It’s a fact: about 1 in 5 workplace accidents in Europe occur during maintenance activities. When assessing these accidents, two of the most common explanations for the accident and the sometimes-serious injuries that result are correct maintenance information not used and correct maintenance procedures not followed.
In other words, it’s not that safety information doesn’t exist or that the procedures are not documented but rather that the relevant documentation is not available to the worker or has gone unread.
What is needed to increase the adoption of the right procedures and ensure that the technical documentation where these procedures are found is read?
Here’s the answer in three steps.
Step 1: Establish a Direct Line to Technical Documentation
Outlining your safe maintenance procedures on paper puts you on the fast track to problems.
Paper manuals are quick to fall out of date as product configurations and specifications change faster than new information can be printed and distributed. Not only does this put field teams at risk, but it also means more costly truck rolls as technicians return to base to search for the right manual.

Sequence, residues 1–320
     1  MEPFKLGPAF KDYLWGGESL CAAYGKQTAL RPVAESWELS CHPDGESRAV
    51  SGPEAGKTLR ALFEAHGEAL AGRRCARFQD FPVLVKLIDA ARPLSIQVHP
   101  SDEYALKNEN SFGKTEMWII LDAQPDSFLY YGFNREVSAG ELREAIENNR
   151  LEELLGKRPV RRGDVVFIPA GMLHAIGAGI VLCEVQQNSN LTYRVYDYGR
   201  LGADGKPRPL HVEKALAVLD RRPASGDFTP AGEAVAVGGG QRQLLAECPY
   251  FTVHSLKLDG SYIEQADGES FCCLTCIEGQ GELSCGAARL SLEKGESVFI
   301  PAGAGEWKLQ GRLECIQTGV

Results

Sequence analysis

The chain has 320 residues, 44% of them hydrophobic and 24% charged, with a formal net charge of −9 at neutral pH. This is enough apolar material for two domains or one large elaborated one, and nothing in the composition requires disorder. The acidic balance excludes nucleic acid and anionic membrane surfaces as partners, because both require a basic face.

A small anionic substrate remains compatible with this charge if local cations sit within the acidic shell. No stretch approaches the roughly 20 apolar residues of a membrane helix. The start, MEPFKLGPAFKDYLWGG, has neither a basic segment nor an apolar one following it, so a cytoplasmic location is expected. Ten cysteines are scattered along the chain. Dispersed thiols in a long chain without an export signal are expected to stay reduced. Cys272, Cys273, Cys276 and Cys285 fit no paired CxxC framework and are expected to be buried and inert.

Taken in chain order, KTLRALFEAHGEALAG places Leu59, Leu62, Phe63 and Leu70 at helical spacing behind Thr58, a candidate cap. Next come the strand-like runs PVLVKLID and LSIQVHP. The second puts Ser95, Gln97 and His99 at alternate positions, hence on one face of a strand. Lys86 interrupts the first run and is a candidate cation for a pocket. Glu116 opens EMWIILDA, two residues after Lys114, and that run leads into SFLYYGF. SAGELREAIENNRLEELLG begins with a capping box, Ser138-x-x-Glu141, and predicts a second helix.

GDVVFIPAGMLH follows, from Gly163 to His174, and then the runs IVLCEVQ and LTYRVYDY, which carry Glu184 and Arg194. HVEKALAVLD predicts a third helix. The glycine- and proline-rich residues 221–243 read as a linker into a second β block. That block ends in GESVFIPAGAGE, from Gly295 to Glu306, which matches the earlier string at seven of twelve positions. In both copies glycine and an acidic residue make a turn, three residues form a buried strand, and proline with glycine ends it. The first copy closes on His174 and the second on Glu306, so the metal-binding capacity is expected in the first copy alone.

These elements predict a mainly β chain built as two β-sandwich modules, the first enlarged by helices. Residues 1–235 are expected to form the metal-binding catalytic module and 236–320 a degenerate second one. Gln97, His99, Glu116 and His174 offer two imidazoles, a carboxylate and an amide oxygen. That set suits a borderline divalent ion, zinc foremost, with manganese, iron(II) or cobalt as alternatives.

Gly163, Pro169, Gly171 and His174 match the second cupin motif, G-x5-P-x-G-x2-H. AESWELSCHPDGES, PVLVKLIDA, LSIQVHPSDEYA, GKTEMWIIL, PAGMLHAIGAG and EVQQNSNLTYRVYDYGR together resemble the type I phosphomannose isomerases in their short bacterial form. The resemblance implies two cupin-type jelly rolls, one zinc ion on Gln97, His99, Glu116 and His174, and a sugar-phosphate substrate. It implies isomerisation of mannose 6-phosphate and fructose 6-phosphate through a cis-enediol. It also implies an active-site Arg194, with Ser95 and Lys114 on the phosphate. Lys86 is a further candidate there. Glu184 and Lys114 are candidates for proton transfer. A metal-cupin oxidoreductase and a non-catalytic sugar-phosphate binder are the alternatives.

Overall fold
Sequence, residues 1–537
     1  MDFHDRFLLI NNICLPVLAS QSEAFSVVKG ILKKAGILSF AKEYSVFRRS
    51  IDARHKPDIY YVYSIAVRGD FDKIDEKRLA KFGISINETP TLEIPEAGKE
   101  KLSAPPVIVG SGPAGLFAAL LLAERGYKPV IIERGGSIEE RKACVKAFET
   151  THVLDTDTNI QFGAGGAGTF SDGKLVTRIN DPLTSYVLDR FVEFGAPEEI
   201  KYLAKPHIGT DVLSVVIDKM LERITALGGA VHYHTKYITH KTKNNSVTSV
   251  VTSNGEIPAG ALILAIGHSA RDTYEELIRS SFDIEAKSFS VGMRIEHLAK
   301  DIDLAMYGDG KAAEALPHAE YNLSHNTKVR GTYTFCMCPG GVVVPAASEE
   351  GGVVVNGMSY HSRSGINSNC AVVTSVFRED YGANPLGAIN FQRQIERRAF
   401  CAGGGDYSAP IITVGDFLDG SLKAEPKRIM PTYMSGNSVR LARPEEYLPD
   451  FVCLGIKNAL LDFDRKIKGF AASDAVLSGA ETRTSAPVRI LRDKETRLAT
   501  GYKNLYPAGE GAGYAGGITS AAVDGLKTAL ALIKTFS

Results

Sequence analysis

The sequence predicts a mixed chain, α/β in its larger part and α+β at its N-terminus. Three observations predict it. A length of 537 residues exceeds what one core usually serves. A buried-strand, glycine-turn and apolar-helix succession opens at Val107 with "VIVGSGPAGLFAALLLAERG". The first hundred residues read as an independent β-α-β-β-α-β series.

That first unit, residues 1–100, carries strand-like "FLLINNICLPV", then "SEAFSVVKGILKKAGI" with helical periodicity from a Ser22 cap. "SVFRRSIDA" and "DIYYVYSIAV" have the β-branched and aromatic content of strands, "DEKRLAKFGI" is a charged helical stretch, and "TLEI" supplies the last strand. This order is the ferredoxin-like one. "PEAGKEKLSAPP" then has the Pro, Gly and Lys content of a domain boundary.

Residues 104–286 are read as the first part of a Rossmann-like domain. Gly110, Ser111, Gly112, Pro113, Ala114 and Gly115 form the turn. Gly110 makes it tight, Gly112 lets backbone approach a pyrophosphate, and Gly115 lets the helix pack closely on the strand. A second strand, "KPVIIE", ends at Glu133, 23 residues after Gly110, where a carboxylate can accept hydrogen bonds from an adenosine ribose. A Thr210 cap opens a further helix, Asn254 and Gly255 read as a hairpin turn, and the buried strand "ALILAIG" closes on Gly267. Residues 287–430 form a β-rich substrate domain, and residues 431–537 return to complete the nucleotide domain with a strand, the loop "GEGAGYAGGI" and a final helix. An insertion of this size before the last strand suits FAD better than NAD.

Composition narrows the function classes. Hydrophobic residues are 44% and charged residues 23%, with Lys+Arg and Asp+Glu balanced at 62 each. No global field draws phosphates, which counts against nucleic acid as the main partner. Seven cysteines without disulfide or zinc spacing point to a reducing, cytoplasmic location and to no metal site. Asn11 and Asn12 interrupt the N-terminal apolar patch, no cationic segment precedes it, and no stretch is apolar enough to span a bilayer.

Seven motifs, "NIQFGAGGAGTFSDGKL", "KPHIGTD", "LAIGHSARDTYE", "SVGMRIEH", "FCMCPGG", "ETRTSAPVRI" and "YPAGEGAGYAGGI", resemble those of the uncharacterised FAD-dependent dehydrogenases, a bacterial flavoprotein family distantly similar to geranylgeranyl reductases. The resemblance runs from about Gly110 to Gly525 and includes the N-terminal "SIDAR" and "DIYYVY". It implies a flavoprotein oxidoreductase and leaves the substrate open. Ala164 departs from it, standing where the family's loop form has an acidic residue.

Digital copies, though, are little better. In many circumstances and on many mobile devices, a PDF copy of a maintenance manual is less readable than the equivalent paper version. While a phone full of PDF files might mean that technicians in the field have every manual they might need close to hand, they remain static documents that can quickly be outdated.
Instead of paper manuals or a PDF replacement, what’s really needed to help keep maintenance teams safe in the field is a direct line to the latest technical content. A documentation portal is an effective solution, a single hub of knowledge with access to everything the field teams need to complete their work safely and efficiently. This documentation portal should be:
Mobile. Maintenance teams should have access to the technical content and procedures they need no matter where they are in the field. If a technician goes offline, they should maintain access to their tech docs, and there should be a sync the moment a network connection is reestablished to ensure that technicians are never out of date.
Seamless. Maintenance teams should be connected to the freshest, most relevant, and most reliable information at all times. The documentation portal should never serve information that is outdated and that might put the maintenance technician at risk. The key to keeping teams safe in the field is ensuring a seamless connection to the best information available as soon as it is published.
Step 2: Drive Adoption by Focusing on the User Experience
Even the best technical content delivered in a seamless and mobile manner will do nothing to keep maintenance teams safe if workers are not comfortable using the portal. Driving adoption of technical documentation in the workplace and making the documentation portal a part of a maintenance worker’s daily life means focusing on that worker’s experience. In short, if the right tool is user friendly, it’s more likely to be a resource for maintenance workers in the field.
Towards this end, three features that every documentation portal should offer are: